March 21st, 2019 • BPM
It’s important for CIOs to focus on long-term, long-tail benefits to succeed with digital transformation.
It used to be the case the CIO only executed projects. With the advent of the digital transformation, today’s CIOs face a unique challenge–to keep pace with speed and intensity of the digitization.
Entire business strategies revolve around the ability of CIOs navigate in these uncharted waters. It appears that almost every major analyst organization has a consensus on the challenges faced by CIOs while their organization undergoes a digital transformation.
CIOs need to dive early into new technology and not wait in the sidelines while others take a headstart. They should constantly find ways to digitize, automate every mundane, manual task.
Gartner’s research suggests that CIOs prefer digital transformation to profit improvement, innovation, R&D, and even cost reduction. Yet even among the top-performing CIOs’ organizations, only 50% of their processes are digitized.
Forrester corroborates this with their own study which reveals that as many as 60% of CIOs are behind in their digital transformation efforts. This is quite a common issue faced by many CIOs, including many of my peers. They’re starting to advance their digital transformation efforts by empowering their workforce by incorporating citizen developer platforms.
CIOs should start by identifying functional areas in their organization that could be improved with tech. They can even take inspiration from other companies that have solved similar problems. Also, CIOs should test waters with pilot programs within specific areas and share what they learn from each test.
One of the many advantages of digital transformation is that it enables us to mine data. According to Gartner, CIOs are seeing business intelligence and analytics as their most important differentiators. The early adopters are already reaping the benefits of CRM and ERP systems, but as a whole, they’re moving toward long-tail technology that gives them the holistic picture.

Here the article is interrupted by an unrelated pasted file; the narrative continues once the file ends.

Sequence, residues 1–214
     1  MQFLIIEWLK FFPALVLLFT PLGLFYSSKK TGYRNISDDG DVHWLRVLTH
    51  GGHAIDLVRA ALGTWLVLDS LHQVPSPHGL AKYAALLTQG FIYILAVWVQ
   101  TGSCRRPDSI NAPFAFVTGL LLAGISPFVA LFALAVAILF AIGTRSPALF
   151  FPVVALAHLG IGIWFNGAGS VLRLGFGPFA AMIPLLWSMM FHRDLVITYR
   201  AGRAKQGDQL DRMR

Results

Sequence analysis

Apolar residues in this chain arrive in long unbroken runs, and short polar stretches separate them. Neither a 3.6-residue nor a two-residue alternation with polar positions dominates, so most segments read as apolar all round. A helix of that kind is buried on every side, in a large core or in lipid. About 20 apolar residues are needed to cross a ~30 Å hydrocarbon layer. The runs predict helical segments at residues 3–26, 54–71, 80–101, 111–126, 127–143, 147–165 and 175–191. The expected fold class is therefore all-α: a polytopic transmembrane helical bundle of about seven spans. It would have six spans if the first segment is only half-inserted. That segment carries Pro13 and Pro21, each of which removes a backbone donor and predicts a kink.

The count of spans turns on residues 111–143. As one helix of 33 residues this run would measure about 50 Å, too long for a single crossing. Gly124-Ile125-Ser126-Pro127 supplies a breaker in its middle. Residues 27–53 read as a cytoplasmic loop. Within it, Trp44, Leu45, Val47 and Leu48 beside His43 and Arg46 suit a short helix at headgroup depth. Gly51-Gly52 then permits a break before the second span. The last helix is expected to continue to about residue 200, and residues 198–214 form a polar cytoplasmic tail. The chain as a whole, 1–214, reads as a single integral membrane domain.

Your analytics are only as good as your data. CIOs need to have a centralized data warehouse to keep track of clean data. An enterprise service bus will help send transaction data there as well. While it’s easy to be trapped by perfecting data entry, CIOs must try to maintain realistic tolerances when it comes to data integrity.
CIOs have been using software tools to help them solve problems for quite some time. Chatbots, robotic process automation, business process management, and machine learning are all capable of performing far more productive work in an hour than a human could. Gartner says 25% of CIOs are already planning to implement AI projects, and Forrester predicts that 10% of all purchase decisions will be informed by an intelligence agent in the near future.
The first step to building symbiosis is identifying and classifying processes that are better handled by systems and the ones that need human intervention. Then CIOs need to create a process catalog to streamline who (or what) completes which tasks. These two labels will give you insights into which tasks would make good candidates to be handled by AI.
CIOs must rapidly realign their priorities to reflect current market conditions and digital transformations can no longer be on the backburner. By drawing more business areas into the digital fold, they’re better equipped to analyze solutions, introduce automation and AI, and protect their organizations from security threats.
Over the next three years, the gap between those who implement digitization successfully and those who falter will widen considerably. Ultimately, digitization is a journey, and not a destination. Those who approach it as such will be at a considerable business advantage in the coming decade.